Gen Z asks, Gen Z receives.
Who constitutes Gen Z?
According to McKinsey, an approximate definition of Gen Zers are those born from 1995 to 2010. They’re the first generation of true digital natives, a generation that does not know a world without the Internet.
They don’t know a world without Wi-Fi.
They don’t know a world without applications.
The world as they see it, is the world businesses cater to.
They’re pretty powerful.
According to Business Insider, Gen Z holds up to $143 billion in spending power, and that’s without taking the future into consideration.
Whichever payment provider gets their attention now secures a lucrative relationship with the generation of the future.
Businesses must rethink how they deliver value to the consumer, rebalance scale and mass production against personalization, and—more than ever—practice what they preach when they address marketing issues and work ethics (McKinsey).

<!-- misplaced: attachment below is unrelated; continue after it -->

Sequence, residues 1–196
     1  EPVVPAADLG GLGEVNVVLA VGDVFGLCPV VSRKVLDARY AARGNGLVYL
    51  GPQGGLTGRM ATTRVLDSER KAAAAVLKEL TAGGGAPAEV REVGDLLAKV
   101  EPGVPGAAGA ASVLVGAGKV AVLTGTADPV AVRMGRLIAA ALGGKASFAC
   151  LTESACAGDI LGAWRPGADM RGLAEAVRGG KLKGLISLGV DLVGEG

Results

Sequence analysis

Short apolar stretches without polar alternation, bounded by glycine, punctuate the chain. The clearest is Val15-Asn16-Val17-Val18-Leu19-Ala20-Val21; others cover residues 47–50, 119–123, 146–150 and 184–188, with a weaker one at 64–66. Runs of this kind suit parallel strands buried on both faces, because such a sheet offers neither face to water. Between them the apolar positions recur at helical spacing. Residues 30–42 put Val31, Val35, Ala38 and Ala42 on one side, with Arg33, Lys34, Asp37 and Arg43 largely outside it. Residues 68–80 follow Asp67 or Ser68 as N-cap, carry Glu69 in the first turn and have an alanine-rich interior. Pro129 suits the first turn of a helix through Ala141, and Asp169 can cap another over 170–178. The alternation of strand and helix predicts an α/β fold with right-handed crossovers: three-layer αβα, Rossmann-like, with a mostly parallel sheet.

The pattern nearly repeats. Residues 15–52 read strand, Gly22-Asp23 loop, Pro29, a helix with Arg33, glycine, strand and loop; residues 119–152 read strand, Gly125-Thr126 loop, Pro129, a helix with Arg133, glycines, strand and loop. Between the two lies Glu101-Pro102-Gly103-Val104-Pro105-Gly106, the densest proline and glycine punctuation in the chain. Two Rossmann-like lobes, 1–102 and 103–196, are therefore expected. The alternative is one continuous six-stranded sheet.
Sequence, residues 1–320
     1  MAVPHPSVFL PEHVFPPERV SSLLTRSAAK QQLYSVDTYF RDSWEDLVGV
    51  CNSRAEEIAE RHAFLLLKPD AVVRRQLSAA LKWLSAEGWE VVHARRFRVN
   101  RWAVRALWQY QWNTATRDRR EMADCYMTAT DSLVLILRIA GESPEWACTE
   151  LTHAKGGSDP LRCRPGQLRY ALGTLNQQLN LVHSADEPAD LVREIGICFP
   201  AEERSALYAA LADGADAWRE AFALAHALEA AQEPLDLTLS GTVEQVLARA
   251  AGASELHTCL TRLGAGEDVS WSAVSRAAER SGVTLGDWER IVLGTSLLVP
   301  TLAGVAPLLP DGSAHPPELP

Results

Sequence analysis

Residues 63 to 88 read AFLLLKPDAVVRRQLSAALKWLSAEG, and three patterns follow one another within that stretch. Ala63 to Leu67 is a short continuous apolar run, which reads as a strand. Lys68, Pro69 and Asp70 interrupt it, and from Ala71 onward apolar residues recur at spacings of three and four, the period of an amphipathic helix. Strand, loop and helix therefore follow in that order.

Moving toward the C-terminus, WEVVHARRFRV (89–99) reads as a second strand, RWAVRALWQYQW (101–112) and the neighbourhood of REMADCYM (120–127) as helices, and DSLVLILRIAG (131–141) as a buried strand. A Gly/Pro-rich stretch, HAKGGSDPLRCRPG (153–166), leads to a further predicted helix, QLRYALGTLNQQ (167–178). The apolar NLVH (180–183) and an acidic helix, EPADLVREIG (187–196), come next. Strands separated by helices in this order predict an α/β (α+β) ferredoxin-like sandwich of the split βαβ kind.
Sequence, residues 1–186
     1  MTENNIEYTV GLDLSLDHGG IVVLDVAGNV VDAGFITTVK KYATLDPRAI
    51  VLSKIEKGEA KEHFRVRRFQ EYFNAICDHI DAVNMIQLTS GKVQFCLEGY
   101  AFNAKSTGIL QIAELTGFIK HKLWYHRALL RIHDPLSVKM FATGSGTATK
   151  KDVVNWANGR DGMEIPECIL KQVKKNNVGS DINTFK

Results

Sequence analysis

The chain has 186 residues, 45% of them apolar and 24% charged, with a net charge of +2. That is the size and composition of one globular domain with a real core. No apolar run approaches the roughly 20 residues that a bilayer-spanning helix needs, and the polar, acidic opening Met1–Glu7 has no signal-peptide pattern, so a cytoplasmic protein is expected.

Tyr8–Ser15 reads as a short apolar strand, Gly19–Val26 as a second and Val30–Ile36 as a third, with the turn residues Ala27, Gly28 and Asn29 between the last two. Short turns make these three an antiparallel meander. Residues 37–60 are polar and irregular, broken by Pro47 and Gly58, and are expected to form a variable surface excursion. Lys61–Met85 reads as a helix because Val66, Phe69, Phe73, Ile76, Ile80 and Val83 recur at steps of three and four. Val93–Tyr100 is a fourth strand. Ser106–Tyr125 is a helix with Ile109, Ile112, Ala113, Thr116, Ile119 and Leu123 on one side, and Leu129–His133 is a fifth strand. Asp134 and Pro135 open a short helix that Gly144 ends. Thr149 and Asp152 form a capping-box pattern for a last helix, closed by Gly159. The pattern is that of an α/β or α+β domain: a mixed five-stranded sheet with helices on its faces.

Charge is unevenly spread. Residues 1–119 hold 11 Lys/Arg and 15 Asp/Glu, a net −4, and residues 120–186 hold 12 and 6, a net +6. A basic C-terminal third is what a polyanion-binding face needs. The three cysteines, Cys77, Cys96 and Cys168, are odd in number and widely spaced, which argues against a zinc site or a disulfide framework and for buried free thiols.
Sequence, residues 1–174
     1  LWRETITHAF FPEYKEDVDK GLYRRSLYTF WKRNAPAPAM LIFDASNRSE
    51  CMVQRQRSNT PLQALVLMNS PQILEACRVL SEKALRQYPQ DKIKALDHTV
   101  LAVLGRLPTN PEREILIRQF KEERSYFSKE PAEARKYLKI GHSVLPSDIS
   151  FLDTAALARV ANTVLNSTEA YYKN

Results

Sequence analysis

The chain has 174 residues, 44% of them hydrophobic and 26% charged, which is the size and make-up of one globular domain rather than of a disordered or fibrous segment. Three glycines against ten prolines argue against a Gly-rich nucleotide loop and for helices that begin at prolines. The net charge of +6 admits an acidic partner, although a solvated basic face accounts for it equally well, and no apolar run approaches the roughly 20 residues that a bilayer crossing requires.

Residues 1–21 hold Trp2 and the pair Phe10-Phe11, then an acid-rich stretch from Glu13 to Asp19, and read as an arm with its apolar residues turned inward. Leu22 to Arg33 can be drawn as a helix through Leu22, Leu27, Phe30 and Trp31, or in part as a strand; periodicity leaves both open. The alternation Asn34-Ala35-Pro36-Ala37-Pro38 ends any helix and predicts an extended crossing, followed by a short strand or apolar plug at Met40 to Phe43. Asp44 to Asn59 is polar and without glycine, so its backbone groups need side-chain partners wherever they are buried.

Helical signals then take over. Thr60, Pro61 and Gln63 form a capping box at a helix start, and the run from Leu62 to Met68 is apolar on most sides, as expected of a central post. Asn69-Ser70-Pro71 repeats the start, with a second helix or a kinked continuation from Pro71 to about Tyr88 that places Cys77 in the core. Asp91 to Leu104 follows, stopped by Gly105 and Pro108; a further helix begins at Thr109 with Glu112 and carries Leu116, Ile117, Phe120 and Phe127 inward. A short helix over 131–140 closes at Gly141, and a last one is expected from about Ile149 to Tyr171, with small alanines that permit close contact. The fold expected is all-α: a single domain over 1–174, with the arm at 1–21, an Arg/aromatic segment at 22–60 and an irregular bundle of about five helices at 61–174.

Banks are catering to this Generation.
According to Datarails, this digital-native generation values authenticity, creativity, and shareability. To attract their loyalty, banks must offer products and services that appeal to their preferences.
It seems that they’re definitely trying, for example with the general push towards mobile banking.
While adoption of mobile wallets has been relatively slow with the general population, according to Business Insider over half of Gen Zers use digital wallets monthly, and over three-quarters use other digital payment apps or P2P apps.